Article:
XPRIZE NEXT GEN Mask Challenge Top 25
Rolling Robots students frequently tackle engineering challenges that are interesting and cutting-edge. In late September, a team of young inventors added “important” to that list, when its design for an improved face mask was selected to compete for a $1 million prize—and a chance to bring their invention to life.
Team Rolling Robots was among the 25 teams selected to move into the second round of the XPRIZE Next-Gen Mask Challenge. This challenge asks young adults to “reimagine protective face masks used to stop the spread of COVID-19 by making them more comfortable, functional, accessible, and even stylish.” XPRIZE—a nonprofit organization that runs competitions designed to improve the world through technology—required its teams to achieve the same filtration as a surgical mask, but overcome the top five barriers to mask-wearing, as determined by a consumer survey.
According to team member Samantha, the team found the competition after deciding to tackle face masks as its next engineering challenge.
The students were already meeting weekly learning to invent, following the JV InvenTeam Curriculum of the Lemelson-MIT program so they knew how to solve problems.
“We were making a list of all the stuff that we use in our daily lives and then seeing what problems they had,” says Samantha. “And since we’re in COVID right now, one of the biggest problems we found with a face mask, which we pretty much use every day, is that they’re uncomfortable and they’re hot.”
Rolling Robots co-founder Bing Jiang introduced the XPRIZE competition to the team, and they were off.
Making Masks Appealing
There was no shortage of ideas.
“We had experience with like other things like Arduinos, Peltier coolers, all those kind of [things],” says team member Annie. “So we had not a lot of trouble coming up with ideas and thinking of ways to actually make them come true.”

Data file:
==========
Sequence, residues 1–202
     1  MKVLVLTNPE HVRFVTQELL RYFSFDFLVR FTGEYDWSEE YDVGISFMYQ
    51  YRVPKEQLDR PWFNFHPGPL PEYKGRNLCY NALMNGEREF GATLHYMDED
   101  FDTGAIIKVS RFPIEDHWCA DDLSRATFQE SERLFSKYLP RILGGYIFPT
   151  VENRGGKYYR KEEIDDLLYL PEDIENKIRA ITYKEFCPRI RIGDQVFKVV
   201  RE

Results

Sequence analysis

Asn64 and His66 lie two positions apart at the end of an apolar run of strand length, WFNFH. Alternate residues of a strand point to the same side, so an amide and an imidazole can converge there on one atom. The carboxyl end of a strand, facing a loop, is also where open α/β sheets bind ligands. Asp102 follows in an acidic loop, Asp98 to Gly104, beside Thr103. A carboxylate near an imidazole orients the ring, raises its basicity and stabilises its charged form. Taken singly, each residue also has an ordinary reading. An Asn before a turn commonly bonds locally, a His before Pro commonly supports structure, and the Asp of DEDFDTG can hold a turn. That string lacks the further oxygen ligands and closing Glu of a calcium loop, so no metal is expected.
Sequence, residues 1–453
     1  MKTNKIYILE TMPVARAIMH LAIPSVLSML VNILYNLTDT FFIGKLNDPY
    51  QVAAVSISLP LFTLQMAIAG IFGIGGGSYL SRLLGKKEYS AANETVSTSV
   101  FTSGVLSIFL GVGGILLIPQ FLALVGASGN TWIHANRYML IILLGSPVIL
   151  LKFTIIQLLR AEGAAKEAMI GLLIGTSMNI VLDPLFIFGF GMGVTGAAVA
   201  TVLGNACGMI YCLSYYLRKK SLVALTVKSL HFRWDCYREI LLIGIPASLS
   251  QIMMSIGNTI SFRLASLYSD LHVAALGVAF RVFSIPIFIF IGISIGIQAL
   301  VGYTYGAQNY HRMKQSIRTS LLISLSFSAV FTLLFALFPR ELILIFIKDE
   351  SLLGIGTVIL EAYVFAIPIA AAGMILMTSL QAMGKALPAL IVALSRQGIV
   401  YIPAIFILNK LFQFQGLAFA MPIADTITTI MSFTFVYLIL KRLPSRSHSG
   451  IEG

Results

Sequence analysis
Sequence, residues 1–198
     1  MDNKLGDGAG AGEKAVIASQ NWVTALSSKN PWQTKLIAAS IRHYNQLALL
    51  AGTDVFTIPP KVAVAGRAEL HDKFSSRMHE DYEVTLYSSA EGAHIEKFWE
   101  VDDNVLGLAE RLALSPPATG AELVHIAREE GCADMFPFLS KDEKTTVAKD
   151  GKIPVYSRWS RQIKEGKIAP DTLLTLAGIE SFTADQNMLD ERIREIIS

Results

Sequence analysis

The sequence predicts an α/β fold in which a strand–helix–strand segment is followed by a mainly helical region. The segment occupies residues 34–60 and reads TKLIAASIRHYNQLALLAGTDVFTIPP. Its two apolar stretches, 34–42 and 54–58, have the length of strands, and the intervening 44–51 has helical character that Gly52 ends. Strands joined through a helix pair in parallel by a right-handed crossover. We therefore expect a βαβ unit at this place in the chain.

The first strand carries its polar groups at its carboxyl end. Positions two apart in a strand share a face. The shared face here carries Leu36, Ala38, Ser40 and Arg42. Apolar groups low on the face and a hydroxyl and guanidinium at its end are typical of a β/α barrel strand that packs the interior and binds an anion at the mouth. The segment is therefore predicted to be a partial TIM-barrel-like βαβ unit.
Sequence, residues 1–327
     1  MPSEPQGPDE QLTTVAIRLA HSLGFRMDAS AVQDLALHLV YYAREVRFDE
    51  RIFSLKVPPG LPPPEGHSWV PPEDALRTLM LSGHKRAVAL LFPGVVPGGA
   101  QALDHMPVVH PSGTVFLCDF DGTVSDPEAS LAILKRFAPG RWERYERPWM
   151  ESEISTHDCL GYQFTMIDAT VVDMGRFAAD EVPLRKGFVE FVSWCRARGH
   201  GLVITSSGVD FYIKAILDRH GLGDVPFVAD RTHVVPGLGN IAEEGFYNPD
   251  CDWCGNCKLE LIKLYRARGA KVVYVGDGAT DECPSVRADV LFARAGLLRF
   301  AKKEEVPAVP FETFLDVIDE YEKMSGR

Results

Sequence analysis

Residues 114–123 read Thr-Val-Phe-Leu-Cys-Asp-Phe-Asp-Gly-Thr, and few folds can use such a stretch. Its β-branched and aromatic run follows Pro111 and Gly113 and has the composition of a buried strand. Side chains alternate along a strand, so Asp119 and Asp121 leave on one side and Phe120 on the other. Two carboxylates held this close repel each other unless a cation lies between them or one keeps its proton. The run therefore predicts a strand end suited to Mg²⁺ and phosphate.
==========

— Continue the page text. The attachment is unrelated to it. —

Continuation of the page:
In fact, Annie says the bigger engineering problem was practical: deciding where to place the features they wanted, and how to balance those features with the need to hold down the mask’s weight.
In the end, the team came up with a design that addresses several problems: heat, glasses fog, comfort, ease of conversation, and even looks. Their mask design—brought to life by team member Eli using computer-assisted design software—includes a Peltier cooler on each cheek; a silicone lining for comfort and to prevent contamination from escaping or entering; a space for a disposable filter; a flexible plastic outer layer that can be drawn or painted on; and a microphone and speaker connected to Bluetooth, which communicates with the wearer’s smartphone to transcribe the speech into text. In this way, their design also accommodates Deaf and hard of hearing people.
Presentation at UCLA
The team presented their ideas to the Infectious Disease Laboratory at the Lundquist Institute. This young team made a professional presentation and gained valuable feedback on their design. The team also had the chance to tour the facility and hear the history of infectious disease research at the institute.
Team member Victoria created an animated video showcasing all the design choices and features. Combining this with the materials form the UCLA presentation the team had their video submission for the challenge.
Team member Matthew is particularly proud of the coolers—which double as heaters, a consideration that may be important as winter approaches.
“They’re incredibly lightweight, very cheap,” says Matthew. “If you want them to heat, you just put electricity in. If you want them to cool, you just reverse the current.”
Working Toward Round Two
Being selected to continue in the XPRIZE competition means the Rolling Robots team will need to dive in to the specifics: which parts they’re using and how to solve certain problems that they didn’t need to address during the first round. They’ll also get to 3D print one or more prototypes.
Best of all, they will get access to help from an array of XPRIZE’s corporate partners, who have promised materials and guidance to the 25 selected teams.
“I think one cool aspect would be that we're actually going to be able to use these Lydall filters, which are usually just reserved for frontline workers,” says Annie. “So we'll get to see how compatible they are.”
All of this is happening on a short timeline—there’s a month between the announcement of the first-round picks on September 23 and the announcement of the semifinalists on October 23. But these are seasoned inventors and competitors—and with a $1 million prize, plus the chance to make and market their prototype, they’ve got plenty of incentive. Watch this space!